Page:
Hello Vietnam, so until when will you block facebook and instagram? ??
The scenario also raised serious questions on the promptness national press showed in distributing information. There was a delay in breaking the news to the public. Officials claim that it was necessary to restrict news coverage while the investigation was underway. This is not unusual for the country which has been consistently ranked poorly in matters of press freedom. Now, there seems to be a stricter surveillance on environmental journalism as the public has become more aware of problems.
Fallacy of the Verdict
Vietnam Party Secretariat punished four high-ranking officials over the Formosa fish death scandal. Unfortunately, however, the environment officials of the Vietnamese council who were monitoring the progress of the steel plant recently have given the green signal to Formosa to test run a new furnace. The furnace would discharge 300 cubic meters of biochemical sewage every day, but the council claims that the treatment system would be able to handle it. The approval coincides with Formosa Plastics Group, one of Taiwan’s leading conglomerates that holds a 70 per cent stake in the Ha Tinh plant, pledge to pour another $1 billion into the plant, raising its investment to $5.5 billion.
Are we all partners in crime?
Even though the wastes from the plant were the primary reason for the disaster, can we ignore the amount of pollution we cause to the ocean on a daily basis? Evidently, the contamination was caused by the toxins getting caught in a net of glue that was there in the first place because humans have been letting out filthy water into rivers and oceans. It was this human-made net that turned a mobile carrier of toxins to become the weapon of murder.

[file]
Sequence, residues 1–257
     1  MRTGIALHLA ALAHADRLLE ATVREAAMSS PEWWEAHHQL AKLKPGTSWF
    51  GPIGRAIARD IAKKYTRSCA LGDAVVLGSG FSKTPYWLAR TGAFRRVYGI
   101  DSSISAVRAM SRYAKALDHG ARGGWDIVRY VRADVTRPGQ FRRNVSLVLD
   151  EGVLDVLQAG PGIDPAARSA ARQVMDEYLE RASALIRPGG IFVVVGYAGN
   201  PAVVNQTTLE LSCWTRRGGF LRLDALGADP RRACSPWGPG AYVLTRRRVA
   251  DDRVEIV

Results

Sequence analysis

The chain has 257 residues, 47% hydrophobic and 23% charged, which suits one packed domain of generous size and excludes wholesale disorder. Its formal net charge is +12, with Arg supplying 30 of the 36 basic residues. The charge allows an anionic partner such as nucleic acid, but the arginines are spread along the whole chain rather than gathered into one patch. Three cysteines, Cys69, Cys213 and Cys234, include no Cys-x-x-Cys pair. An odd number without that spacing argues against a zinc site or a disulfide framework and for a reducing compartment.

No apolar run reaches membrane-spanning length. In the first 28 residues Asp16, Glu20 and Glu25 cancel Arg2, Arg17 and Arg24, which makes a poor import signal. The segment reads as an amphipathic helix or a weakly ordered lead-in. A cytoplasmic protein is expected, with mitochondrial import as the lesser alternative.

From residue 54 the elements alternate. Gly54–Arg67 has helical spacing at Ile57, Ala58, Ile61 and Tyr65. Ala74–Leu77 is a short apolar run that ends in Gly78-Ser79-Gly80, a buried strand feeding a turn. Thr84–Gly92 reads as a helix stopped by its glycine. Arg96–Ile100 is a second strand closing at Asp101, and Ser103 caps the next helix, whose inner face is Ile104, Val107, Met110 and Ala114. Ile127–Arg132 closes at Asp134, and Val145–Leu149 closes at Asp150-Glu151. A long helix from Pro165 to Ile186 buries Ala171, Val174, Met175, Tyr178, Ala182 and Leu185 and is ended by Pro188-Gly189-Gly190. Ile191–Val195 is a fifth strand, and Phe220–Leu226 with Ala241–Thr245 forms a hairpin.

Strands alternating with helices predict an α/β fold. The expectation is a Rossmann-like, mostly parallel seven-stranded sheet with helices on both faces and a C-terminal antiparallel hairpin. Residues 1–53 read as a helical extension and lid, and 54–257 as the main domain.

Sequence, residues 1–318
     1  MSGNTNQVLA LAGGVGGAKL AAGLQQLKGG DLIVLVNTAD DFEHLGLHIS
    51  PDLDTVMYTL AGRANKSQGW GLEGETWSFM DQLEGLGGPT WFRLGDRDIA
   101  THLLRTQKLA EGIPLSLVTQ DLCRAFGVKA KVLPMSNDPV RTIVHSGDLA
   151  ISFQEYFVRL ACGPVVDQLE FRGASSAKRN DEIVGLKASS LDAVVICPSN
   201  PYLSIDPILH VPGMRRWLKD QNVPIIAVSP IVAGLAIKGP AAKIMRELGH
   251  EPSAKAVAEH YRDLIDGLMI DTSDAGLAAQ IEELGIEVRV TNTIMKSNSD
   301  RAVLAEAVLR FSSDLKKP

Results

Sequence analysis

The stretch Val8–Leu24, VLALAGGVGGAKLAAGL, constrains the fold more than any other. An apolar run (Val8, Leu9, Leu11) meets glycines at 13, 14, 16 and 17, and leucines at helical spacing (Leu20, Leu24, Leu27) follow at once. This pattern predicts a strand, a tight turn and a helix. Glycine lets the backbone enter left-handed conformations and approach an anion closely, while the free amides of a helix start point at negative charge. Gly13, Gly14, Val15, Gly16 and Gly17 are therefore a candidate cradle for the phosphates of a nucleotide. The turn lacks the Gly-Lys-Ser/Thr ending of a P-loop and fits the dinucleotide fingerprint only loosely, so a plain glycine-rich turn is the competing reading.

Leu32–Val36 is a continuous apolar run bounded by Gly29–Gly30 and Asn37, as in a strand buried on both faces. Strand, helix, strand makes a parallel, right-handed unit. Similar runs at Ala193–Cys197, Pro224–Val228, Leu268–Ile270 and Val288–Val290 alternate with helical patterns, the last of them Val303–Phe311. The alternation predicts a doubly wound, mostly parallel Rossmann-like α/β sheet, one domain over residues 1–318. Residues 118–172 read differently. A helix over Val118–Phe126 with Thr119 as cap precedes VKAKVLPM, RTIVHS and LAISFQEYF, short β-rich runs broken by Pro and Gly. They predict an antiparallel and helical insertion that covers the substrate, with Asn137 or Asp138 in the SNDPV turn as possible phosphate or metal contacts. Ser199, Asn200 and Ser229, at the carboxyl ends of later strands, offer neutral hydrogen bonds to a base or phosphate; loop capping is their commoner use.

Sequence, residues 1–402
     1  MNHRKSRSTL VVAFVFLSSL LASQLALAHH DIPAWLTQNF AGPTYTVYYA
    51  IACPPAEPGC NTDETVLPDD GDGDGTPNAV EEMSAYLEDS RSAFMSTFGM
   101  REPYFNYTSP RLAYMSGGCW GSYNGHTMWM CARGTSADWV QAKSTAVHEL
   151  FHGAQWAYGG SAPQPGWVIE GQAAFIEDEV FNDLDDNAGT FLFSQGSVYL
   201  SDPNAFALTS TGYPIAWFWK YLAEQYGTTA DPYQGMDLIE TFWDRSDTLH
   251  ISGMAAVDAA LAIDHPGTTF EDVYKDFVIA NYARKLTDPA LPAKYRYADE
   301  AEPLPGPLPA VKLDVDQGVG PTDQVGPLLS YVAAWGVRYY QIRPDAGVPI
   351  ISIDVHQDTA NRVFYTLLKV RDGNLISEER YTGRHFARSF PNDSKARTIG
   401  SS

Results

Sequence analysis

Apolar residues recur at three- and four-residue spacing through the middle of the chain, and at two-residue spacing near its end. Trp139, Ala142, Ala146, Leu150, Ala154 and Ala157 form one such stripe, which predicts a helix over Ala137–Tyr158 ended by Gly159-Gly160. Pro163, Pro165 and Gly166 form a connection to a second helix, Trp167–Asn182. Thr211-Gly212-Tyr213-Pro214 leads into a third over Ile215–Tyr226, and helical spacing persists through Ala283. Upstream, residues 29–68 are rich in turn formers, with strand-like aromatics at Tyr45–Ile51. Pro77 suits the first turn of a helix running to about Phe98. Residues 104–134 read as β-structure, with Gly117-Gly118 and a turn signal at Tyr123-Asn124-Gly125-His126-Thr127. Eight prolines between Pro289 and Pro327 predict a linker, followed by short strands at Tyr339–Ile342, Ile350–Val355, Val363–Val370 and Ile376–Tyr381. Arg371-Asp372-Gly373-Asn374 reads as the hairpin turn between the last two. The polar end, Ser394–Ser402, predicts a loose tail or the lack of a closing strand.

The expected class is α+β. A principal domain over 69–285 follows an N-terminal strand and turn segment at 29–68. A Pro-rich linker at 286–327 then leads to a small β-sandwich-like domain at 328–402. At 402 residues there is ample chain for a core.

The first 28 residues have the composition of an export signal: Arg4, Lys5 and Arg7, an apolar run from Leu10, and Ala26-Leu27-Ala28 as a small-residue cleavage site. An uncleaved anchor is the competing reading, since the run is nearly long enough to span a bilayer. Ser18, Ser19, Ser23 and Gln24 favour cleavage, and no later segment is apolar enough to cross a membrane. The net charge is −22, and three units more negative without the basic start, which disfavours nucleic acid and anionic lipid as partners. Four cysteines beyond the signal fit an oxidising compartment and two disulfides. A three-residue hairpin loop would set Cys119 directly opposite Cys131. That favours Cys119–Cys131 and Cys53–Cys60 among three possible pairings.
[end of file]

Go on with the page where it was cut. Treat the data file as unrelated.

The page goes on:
The contamination was caused by the toxins getting caught in a net of glue that was there in the first place because humans have been letting out filthy water into rivers and oceans
World Oceans Day and the sad health of waterbodies
Recognised by the UN, World Oceans Day is a global day of ocean celebration and collaboration for a better future. Celebrated on June 8th, this year's theme 'Our Oceans, Our Future' encourages to find solutions to plastic pollution and prevent marine litter for a healthier ocean and a better future.
But is merely celebrating one day enough to raise awareness? Will we one day break the politics that encircle the control and management of natural resources?
Vietnam's case of water pollution disaster is not one in isolation. The revered Yamuna river in India, that was once blue in color, is now one of the most polluted rivers in the world. In another tragic incident, which is known as the worst disaster in a West African nation, thousands of cubic meters of mine wastewater were spilled in the River Asuman. The Great Barrier Reef of Australia saw unprecedented bleaching due to extremely warm ocean temperatures. In developing countries, 70 per cent of industrial wastes are dumped untreated into waters, polluting the usable water supply. More than 80 per cent of sewage in developing countries is discharged untreated, polluting rivers, lakes and coastal areas.
One day is not enough to protect the oceans. Moreover, rather than a celebration, it needs to be an ongoing process with the aim of conserving resources that we otherwise take for granted.